If you are considering an early retirement (before you reach the age of 65), you will need to address the issue of medical insurance coverage. Although the options for such coverage are limited, there are several alternatives worthy of consideration.
Most American workers retire at the age of 65. However, only 64% of people between the ages of 55 and 64 are employed. The other 36%, who do not yet qualify for Medicare, either must rely on a spouse for medical insurance or seek coverage on their own. For those who must purchase coverage on their own, there are two significant drawbacks: First, medical insurance is extremely expensive. Second, many providers refuse this kind of business, especially when the individual applying for such coverage has a preexisting medical problem. Essentially, individuals seeking pre-retirement medical insurance have the following options:
COBRA medical insurance is authorized under federal law and made available to any worker who loses or quits his or her job. It allows a worker to continue participation in his or her employer’s group health benefits plan, but is only available for 18 months, with premiums paid by the worker. Because it is expensive and temporary, it should be viewed as nothing more than a short-term solution.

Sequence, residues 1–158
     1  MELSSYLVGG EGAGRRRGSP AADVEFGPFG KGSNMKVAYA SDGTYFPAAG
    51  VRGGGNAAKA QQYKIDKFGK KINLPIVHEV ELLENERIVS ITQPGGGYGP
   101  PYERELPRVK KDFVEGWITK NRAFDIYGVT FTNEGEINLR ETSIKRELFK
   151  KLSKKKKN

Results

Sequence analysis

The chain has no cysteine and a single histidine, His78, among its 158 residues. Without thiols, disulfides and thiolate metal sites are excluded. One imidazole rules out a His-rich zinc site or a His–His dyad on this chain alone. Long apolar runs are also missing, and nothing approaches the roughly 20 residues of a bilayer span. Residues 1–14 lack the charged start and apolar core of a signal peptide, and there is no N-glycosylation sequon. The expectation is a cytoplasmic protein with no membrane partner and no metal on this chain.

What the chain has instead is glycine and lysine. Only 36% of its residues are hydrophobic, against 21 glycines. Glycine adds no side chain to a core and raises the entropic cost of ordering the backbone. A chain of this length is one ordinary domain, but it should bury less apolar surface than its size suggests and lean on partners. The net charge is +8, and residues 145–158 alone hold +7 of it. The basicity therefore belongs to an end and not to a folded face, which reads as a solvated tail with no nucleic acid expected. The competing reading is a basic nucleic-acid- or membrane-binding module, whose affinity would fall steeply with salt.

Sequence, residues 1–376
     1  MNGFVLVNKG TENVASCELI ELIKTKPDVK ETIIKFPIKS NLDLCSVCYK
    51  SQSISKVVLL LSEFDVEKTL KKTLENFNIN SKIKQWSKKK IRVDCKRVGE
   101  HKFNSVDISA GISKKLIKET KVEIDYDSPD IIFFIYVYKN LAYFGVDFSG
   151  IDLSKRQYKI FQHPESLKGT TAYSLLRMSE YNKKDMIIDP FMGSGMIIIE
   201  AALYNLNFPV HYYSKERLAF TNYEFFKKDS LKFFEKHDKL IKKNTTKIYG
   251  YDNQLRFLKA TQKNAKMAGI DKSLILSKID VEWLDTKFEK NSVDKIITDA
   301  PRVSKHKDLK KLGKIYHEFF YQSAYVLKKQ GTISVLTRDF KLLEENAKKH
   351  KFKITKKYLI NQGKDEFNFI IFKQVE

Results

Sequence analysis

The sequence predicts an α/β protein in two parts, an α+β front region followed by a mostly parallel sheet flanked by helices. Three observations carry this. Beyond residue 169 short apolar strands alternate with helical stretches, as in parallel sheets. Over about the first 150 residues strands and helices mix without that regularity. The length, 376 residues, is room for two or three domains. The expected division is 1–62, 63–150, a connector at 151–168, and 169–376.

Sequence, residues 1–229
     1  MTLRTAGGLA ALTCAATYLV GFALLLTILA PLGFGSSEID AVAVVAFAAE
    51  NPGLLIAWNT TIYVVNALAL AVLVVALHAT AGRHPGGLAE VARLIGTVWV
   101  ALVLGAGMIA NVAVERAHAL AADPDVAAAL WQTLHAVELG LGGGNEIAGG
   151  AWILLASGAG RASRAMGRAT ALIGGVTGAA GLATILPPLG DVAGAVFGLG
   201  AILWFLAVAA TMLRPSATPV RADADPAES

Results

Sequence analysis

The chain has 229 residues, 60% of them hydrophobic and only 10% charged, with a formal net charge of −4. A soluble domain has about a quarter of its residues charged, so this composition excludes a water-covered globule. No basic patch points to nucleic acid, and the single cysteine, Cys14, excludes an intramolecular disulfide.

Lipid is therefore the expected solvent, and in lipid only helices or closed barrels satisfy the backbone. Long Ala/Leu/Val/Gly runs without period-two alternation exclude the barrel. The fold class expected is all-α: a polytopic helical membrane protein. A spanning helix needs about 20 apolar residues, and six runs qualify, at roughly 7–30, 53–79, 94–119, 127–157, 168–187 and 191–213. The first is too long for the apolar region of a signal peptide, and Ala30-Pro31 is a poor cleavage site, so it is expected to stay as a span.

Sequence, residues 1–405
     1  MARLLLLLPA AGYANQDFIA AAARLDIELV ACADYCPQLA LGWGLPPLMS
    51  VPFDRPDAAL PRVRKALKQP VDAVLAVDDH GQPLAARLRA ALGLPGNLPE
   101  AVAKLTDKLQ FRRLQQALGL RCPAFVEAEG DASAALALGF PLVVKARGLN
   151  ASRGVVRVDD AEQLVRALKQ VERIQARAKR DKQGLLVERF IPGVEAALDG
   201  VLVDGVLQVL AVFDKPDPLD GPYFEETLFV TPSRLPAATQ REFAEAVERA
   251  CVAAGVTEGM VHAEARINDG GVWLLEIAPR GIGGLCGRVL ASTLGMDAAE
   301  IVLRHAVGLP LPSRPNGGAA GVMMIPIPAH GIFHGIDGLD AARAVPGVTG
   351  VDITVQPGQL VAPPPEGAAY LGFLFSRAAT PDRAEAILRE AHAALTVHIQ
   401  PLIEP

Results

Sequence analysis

Many workers who decide to retire early purchase individual health insurance policies. To qualify for such coverage at a reasonable rate, a worker must be healthy, which means that the worker must have normal blood pressure and be free of diabetes, cardiovascular disease, cancer, etc. If you know you are going to retire before the age of 65, a wise strategy is to discontinue participation in your employer-sponsored plan and to purchase an individual health insurance policy while you are still employed. Often, employers will contribute to the cost of an employee’s individual health insurance policy, based on the fact that the employer is ultimately saving money in these cases.
Health Savings Accounts
Under a new feature of the federal tax law, an individual is allowed to put tax-deductible money into a Health Savings Account (HSA). Then, money in the HSA can be withdrawn at any time (tax free) to pay medical bills. Ideally, money will be left in the HSA to appreciate tax free, while the individual pays medical bills with other funds. Years later, the money in the HSA, which will have grown substantially and free of taxes, can be accessed for major medical expenses.